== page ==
The inspired format of Corn Exchange's Car Shows can accommodate a host of short plays, though only four at a time, since the audiences must fit into the rear seats of four cars. It does need writers who can create short dramas or comedies, and actors who can perform them convincingly in the front seats. So far, it has been an acclaimed winner.
This new lot, on offer three times nightly, maintain the standard. The sequence in which one sees them is a lucky dip affair, as is the enforced companionship of fellow eavesdroppers. I drew two male gigglers, and it is a tribute to the plays that they, and I, survived such insensitivity.
Actors Karen Egan and Tom Murphy, directed by Annie Ryan, devised Charlotte's Web, in which a Lithuanian male seems condemned to form relationships with neurotic, even suicidal Irish women. It is beautifully put across.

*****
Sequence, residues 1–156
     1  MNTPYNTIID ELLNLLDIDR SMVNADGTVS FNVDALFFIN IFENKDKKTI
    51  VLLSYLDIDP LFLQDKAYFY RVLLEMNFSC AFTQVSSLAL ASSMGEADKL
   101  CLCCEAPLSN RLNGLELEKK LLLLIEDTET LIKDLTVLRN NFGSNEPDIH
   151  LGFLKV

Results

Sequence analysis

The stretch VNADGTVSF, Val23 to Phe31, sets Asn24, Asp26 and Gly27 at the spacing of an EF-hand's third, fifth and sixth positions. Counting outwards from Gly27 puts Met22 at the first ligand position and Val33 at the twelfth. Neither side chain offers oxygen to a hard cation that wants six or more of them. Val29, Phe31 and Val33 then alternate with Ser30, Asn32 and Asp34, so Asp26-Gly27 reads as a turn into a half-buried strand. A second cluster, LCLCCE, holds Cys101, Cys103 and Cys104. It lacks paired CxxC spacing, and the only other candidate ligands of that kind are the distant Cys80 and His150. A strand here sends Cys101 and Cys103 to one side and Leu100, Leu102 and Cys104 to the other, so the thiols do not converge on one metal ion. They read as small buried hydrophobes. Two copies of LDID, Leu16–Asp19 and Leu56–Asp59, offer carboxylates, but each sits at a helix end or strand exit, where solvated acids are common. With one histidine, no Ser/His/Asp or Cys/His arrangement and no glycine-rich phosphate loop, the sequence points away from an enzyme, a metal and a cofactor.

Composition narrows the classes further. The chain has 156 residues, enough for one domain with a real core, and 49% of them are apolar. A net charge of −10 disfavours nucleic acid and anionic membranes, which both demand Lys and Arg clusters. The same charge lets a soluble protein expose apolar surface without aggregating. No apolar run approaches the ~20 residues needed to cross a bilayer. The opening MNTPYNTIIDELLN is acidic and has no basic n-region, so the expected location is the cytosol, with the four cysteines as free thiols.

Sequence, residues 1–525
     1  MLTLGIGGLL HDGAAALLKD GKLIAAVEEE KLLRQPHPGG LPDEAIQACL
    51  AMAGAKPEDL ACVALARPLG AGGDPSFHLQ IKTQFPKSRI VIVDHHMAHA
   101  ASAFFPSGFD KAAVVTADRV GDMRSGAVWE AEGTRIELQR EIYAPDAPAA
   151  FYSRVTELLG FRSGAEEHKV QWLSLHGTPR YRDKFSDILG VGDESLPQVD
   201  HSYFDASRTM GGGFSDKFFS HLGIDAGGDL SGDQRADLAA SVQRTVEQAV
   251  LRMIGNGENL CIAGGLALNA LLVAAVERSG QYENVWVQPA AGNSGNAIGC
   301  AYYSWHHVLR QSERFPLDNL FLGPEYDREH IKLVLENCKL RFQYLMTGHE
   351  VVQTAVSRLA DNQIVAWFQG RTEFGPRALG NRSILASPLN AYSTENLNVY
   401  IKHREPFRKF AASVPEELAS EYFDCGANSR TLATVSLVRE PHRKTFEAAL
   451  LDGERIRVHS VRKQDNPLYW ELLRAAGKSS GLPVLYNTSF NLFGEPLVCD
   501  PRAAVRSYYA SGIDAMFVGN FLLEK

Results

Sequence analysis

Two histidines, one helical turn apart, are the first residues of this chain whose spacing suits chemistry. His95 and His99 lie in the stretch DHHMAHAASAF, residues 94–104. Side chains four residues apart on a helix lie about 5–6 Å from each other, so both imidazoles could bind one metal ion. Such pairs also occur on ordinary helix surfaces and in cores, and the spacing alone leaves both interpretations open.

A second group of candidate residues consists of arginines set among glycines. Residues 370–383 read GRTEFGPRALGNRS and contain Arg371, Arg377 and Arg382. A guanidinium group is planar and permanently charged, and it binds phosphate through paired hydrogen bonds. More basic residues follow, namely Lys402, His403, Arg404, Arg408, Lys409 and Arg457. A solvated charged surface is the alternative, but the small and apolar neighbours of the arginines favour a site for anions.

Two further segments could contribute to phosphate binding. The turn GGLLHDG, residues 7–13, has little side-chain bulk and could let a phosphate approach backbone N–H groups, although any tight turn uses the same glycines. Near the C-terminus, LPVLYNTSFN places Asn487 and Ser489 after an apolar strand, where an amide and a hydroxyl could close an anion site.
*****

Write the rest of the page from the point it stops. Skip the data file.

Director/writer Veronica Coburn's Trunk Call is a slapstick comedy that looks at the loving relationship of a young couple who lock each other alternately in the car boot before telling the passengers/audience to get lost. Elizabeth Duffy and Emmet Kirwan have some kooky fun with it.
Generations, devised by the cast of Alan King and Colin Thornton, has two gay men, one young and the other older, in the middle of some personal turbulence. Its appeal lies in dialogue that conveys deep emotions and personality contrasts in minimal words. Darren Thornton directs.
Perhaps the best, and certainly the most subtle, is Eugene O'Brien's Solid, directed by Charlie Bonner and played by Peter Gaynor and Norma Sheehan. A young couple are preparing to entertain, and woo in business, recent hosts. Talking about the dinner to come, they uncover uncomfortable elements in the relationship, but go ahead anyway: business first.
The sheer intimacy of the productions, laced with a little voyeurism, has a hypnotic effect. Add to that the excellence of the writing, acting and direction, and the effect is truly seductive.
Runs to December 1st. For bookings, tel: 01-8852622